I refuse to work within a system that accepts that the circumstance into which a child is born should determine his outcome in life. And I refuse to believe that great public school teachers cannot make a difference in a child’s life.
In fact, 2012 Cerf "proved" that poverty could be overcome with his magical graph that showed poverty doesn't matter! Bruce Baker called it out in real time:Let’s work together over the next several years to give all students in New Jersey equal opportunities for success, and let’s hope that the support of expert educators in our RACs will help to turn around low-performing schools. [emphasis mine]
2012 Cerf says those red diamonds prove that schools can "overcome the restraints of poverty." Well, if that's true, 2016 Cerf, why don't you think NPS should be judged on absolute measures of student proficiency? Why should "growth" be how your schools are judged four years after you told us all "we have too many examples" of schools beating the odds?Now, it’s one thing when and under-informed tech CEO goes all TED-style on us with big screens, gadgets, bells and whistles and info-graphics that just don’t mean crap anyway. But, it’s yet another when a State Commissioner of Education presents something not only equally ridiculous… but arguably far more ridiculous, disingenuous, unethical and downright WRONG.This is a graph for the ages, and it comes from a presentation by the New Jersey Commissioner of Education given at the NJASA Commissioner’s Convocation in Jackson, NJ on Feb 29. State of NJ Schools presentation 2-29-2012The title conveys the intended point of the graph – that if you look hard enough across New Jersey – you can find not only some, but MANY higher poverty schools that perform better than lower poverty schools.This is a bizarre graph to say the least. It’s set up as a scatter plot of proficiency rates with respect to free/reduced lunch rates, but then it only includes those schools/dots that fall in these otherwise unlikely positions. At least put the others there faintly in the background, so we can see where these fit into the overall pattern. The suggestion here is that there is not pattern.Note: this graph may not even be the worst one in the presentation. You decide!The apparent inference here? Either poverty itself really isn’t that important a factor in determining student success rates on state assessments, or, alternatively, free and reduced lunch simply isn’t a very good measure of poverty even if poverty is a good predictor. Either way, something’s clearly amiss if we have so many higher poverty schools outperforming lower poverty ones. In fact, the only dots included in the graph are high poverty districts outperforming lower poverty ones. There can’t be much of a pattern between these two variables at all, can there? If anything, the trendline must be sloped uphill? (that is, higher poverty leads to higher outcomes!)Note that the graph doesn’t even tell us which or how many dots/schools are in each group and/or what percent of all schools these represent. Are they the norm? or the outliers?Well, here’s what the pattern really looks like with all schools included:Hmmm… looks a little different when you put it that way. Yeah, it’s a scatter, not a perfectly straight line of dots. And yes, there are some dots to the right hand side that land above the 65 line and some dots to the left that land below it.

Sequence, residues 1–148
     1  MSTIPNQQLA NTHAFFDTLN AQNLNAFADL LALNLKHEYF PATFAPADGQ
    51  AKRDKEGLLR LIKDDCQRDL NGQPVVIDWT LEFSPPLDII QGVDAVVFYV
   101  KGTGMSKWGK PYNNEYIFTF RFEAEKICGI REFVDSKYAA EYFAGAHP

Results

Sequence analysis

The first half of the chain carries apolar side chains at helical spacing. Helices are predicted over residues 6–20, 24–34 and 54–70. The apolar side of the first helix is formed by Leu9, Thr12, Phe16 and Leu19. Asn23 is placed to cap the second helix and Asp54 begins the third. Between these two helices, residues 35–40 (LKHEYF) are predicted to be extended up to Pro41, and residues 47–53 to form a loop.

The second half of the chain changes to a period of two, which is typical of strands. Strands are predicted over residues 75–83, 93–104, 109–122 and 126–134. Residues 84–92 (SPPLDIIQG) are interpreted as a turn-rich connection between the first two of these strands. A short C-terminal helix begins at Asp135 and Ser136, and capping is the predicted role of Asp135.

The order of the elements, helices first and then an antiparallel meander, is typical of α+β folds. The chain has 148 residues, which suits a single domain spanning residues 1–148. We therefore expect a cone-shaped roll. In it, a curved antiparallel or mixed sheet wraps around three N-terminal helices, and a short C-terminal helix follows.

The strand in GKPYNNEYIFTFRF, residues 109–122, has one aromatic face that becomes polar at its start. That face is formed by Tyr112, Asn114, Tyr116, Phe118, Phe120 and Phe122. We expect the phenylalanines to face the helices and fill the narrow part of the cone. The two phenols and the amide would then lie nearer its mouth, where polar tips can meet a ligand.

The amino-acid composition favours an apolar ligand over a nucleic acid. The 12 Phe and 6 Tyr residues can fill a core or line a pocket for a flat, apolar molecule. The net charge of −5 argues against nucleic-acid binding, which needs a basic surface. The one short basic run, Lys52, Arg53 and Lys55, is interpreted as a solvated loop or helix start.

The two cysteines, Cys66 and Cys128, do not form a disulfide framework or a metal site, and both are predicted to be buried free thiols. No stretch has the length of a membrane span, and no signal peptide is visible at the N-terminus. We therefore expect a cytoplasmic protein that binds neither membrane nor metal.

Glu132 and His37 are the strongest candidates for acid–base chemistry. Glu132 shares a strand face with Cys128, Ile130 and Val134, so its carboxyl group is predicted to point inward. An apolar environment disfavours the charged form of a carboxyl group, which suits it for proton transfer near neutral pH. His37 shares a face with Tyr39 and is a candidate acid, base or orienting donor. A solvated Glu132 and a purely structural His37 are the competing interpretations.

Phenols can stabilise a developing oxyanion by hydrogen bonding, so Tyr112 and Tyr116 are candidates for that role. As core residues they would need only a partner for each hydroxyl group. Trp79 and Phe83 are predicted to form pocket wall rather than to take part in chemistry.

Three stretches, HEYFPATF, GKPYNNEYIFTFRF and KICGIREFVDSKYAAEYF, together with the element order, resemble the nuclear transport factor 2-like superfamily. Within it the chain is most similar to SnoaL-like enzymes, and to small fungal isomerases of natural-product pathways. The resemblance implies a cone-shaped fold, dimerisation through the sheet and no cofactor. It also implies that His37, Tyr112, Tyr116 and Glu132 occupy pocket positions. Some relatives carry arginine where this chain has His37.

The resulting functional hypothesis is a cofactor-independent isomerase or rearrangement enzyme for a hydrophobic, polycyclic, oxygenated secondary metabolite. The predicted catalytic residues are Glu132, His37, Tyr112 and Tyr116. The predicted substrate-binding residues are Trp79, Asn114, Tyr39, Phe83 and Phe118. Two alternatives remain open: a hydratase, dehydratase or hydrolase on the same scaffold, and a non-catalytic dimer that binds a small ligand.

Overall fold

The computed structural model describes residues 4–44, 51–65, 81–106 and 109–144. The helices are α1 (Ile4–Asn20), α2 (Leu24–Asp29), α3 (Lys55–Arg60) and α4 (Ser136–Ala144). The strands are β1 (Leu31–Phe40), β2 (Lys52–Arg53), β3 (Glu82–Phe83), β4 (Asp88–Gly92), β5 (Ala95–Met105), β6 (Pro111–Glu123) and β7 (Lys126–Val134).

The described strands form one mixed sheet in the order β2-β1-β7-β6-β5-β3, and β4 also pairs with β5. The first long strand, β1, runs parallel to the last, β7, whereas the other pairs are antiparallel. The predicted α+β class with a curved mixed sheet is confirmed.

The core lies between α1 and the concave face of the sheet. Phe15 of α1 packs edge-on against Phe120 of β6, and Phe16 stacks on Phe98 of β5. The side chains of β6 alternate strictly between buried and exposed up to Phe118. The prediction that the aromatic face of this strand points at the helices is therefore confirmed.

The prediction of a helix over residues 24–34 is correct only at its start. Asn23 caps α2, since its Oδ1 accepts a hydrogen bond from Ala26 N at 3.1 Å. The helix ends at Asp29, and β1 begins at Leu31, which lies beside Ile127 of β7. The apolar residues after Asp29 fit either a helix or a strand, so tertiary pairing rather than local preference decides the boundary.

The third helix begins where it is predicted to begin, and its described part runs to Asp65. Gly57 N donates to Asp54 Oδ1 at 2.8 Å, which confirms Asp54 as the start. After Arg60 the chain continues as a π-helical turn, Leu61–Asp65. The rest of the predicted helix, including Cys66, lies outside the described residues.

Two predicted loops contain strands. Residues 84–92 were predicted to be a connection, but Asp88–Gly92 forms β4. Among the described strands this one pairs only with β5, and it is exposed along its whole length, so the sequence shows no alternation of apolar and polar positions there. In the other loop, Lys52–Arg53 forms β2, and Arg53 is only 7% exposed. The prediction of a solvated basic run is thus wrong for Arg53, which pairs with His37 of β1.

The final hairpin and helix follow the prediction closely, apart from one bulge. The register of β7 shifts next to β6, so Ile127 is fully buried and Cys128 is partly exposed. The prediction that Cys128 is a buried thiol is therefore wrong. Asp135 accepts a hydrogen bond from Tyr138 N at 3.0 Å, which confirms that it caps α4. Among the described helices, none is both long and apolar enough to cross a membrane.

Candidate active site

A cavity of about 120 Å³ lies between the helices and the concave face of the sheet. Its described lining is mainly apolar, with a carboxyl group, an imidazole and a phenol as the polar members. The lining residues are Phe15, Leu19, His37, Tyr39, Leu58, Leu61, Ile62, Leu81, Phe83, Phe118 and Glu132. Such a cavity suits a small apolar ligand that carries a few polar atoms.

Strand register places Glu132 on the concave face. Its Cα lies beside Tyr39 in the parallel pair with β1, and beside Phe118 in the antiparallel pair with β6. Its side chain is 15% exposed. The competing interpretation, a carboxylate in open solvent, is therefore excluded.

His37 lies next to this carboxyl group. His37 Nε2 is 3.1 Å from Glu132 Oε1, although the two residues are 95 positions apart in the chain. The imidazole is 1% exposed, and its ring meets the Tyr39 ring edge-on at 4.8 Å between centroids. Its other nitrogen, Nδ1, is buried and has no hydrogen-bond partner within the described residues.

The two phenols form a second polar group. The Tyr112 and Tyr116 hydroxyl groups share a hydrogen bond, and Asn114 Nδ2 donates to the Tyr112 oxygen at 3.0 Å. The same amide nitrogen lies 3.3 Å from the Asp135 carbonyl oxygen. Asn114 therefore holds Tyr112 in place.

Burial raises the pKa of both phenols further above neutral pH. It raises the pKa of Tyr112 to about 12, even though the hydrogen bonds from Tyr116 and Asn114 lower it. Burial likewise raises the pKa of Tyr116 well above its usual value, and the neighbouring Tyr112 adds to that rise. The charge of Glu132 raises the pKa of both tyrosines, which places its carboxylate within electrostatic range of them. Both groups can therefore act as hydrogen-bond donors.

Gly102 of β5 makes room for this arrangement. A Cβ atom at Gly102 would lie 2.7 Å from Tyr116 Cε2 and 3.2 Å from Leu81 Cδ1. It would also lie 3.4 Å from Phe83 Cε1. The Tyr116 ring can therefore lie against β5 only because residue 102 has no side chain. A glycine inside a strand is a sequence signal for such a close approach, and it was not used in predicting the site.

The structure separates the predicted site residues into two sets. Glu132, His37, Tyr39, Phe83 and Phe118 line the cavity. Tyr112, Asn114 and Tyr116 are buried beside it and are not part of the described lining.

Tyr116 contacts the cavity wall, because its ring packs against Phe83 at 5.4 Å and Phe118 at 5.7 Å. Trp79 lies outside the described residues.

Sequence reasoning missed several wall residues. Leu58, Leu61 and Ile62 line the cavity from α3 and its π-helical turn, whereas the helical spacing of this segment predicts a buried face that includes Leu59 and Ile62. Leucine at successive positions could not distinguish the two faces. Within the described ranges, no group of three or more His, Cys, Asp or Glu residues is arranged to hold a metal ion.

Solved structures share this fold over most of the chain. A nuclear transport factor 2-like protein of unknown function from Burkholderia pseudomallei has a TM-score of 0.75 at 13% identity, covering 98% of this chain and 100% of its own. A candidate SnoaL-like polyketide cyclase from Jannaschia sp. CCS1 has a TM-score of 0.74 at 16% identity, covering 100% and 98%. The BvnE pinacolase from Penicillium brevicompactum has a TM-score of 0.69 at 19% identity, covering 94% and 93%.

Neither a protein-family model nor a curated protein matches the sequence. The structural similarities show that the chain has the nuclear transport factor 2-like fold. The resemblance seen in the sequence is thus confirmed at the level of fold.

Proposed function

I really can't think of a better example of why state and federal education policy leaders should have significant classroom and/or administrative experience before they are nominated. Not that experience guarantees they will promote good policies; however, a state commissioner who has actually been down in the trenches and understands how difficult it is to improve public schools is much less likely to indulge in fantasies about how schools will perform in the face of chronic poverty, inequality, racism, and declining funding.
If Chris Cerf ever rises to another leadership position in education policy, I hope he remembers just how tough it is to effect change in a district like Newark. I hope he won't make excuses for politicians like Chris Christie who won't give schools what the state's own law says they need. I hope he won't tut-tut at teachers and administrators who point out that while schools can and should improve, they certainly can't overcome, on their own, a host of problems they never created.
Accountability begins at home.